In today’s article, WGM Raluca Sgîrcea and IM Renier Castellanos will teach you the fundamentals of the King’s Indian Defense, one of the most popular opening systems played against 1.d4 on virtually all levels from novice players to Super Grandmasters. We will primarily focus on one of the most solid lines that white has: the fianchetto variation (with g3). Let’s begin!
The King’s Indian Defence is one of the most popular openings against 1.d4. It has been played by world champions such as Kasparov, Fischer and other notorious players of our time like Topalov and Radjabov. It is a good opening for those wanting to fight for the initiative with black. The theory on this opening has been growing fast since it started being a frequent guest among top level tournaments.
This opening was based on a kingside attack. Black willingly gives white space advantage and initiative on the queenside in order to organize an attack against the white king. This has in many games been successful.
For example, in the next diagram we see a common situation of the opening in which white attacks on the queenside and black responds on the kingside:
White has developed many ways of fighting the King’s Indian over the years, having a wide choice of both aggressive and solid lines. Sometimes white takes the risk and goes for a bayonet attack on the queenside, but this strategy often allows black to create a strong counterplay against the white king.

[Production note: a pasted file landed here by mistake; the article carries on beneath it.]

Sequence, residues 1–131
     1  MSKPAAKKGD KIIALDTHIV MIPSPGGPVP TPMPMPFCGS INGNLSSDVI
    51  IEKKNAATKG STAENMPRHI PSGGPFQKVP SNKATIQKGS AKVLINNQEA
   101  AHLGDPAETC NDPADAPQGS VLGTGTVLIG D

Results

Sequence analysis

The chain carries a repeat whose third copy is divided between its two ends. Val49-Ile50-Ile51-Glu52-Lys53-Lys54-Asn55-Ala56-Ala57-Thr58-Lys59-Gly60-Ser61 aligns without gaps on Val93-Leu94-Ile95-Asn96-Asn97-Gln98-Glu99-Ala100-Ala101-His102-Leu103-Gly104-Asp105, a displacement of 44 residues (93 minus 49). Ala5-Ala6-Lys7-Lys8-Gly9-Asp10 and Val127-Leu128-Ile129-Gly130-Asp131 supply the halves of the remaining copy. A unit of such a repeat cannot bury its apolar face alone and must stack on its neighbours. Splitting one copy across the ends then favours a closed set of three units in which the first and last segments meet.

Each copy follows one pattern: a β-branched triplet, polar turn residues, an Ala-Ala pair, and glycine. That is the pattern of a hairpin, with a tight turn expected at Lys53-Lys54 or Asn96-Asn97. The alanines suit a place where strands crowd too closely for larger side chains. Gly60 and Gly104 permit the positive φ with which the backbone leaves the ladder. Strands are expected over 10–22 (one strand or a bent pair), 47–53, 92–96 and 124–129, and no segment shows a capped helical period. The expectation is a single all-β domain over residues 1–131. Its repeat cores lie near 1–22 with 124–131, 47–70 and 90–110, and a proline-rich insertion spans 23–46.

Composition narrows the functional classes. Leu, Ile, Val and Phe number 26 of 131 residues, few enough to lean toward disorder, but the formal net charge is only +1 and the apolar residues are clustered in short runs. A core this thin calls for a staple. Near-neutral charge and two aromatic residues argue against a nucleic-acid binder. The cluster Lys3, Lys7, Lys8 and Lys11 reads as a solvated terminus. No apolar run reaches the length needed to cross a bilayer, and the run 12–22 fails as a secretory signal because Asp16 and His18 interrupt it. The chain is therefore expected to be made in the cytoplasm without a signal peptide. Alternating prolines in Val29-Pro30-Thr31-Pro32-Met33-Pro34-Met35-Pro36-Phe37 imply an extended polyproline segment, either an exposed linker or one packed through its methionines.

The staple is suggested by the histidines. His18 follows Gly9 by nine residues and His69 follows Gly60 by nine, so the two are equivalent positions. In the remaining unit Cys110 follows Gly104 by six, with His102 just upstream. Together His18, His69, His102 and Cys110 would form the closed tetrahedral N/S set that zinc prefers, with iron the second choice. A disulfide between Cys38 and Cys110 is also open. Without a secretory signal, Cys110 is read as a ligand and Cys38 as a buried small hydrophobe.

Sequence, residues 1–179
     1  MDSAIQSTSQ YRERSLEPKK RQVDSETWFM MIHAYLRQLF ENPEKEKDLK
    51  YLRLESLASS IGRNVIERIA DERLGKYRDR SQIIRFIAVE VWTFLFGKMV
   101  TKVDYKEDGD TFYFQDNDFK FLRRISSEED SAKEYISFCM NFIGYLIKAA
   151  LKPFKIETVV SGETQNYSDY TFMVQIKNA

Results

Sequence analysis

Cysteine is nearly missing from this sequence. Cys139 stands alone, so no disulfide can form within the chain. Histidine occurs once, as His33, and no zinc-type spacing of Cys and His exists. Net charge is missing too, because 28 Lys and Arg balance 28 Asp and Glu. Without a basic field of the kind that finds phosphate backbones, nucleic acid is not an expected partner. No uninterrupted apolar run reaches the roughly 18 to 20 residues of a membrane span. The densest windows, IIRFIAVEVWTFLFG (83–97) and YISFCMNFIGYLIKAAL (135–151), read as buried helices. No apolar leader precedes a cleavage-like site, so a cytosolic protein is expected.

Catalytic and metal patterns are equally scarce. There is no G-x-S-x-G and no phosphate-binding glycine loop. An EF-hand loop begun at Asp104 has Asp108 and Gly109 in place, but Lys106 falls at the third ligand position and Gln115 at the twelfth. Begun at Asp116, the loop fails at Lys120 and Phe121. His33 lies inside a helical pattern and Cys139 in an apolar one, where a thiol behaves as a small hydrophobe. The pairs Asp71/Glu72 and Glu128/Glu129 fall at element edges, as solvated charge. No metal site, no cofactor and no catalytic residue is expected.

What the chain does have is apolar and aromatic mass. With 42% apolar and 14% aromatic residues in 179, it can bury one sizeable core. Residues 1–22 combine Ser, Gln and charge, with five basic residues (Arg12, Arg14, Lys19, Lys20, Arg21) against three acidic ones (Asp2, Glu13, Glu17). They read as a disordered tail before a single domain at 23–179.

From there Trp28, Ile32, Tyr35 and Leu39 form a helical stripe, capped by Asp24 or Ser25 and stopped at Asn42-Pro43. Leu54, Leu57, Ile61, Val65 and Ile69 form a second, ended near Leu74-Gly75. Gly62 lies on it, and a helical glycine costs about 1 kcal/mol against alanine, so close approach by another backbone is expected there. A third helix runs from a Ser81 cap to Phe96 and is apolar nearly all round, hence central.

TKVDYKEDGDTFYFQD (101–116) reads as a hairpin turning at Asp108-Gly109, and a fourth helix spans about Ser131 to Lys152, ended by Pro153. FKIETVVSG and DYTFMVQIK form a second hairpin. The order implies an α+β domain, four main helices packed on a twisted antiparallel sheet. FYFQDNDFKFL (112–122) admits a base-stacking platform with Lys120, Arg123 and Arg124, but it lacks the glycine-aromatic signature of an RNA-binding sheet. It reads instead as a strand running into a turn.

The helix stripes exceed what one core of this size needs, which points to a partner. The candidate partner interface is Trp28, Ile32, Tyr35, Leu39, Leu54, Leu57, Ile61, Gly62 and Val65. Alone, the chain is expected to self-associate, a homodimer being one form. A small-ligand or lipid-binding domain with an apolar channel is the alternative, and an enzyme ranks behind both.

Other players prefer to develop a slower strategy and try to limit black’s initiative first. One of the most solid lines that white has at their disposal is the fianchetto variation (with g3), where the standard plans of attack that black employs in other variations don’t work. White’s idea is to have extra security on his king and keep the central tension, which makes it difficult for black to play as aggressive as they do in other classical lines.
In this article we are going to propose a way of playing against the fianchetto variation. The system we are going to discuss starts with 6… c6 followed by 7… Bf5:
This system has been successfully used by famous grandmasters such as Topalov, Krasenkow, Gulko, Ponomariov and Larsen. The main ideas of this line are:
- Black prevents e4 and, at the same time, has the idea of occupying the e4 square with his knight
- Black will play actively on the queenside
- On any white’s reactions such as 8. Ne1 or 8. Nh4 black will try to provoke the advance d4-d5. This will lead to positions that resemble the Sicilian Dragon, where the dark square bishop becomes an important piece.
After 7… Bf5, white has tried several moves that we will look into separately. The main ones here are 8. Ne1, 8. Nh4, 8. b3 and 8. Re1.
1. We’ll first take a look at 8. Ne1. This is the most natural move. White retreats his knight and threatens to play e4. Black should react by playing 8… Be6, leaving white with two choices – 9. d5 and 9. b3, which are analyzed in the next two games.
2. Let’s now check out 8. Nh4. With this move, white gains a tempo by attacking the bishop and, at the same time, prepares e4. Black should react by attacking the c4 pawn with 8… Be6, as played in the next game between Vaganian and Tyomkin.
3. We will now analyze 8. b3. This is a typical move in this position played by many strong players, like Andersson and Georgiev. White’s plan is to develop his bishop to b2, followed by Rc1. Black should respond with …Ne4, as seen in the following game between Martinovic and Krasenkow.
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4. Finally, we are going to see the move 8. Re1. This is a move that should not be underestimated, as it demands precise play from black. In the following game, black didn’t manage to win the game, although he achieved a good position out of the opening.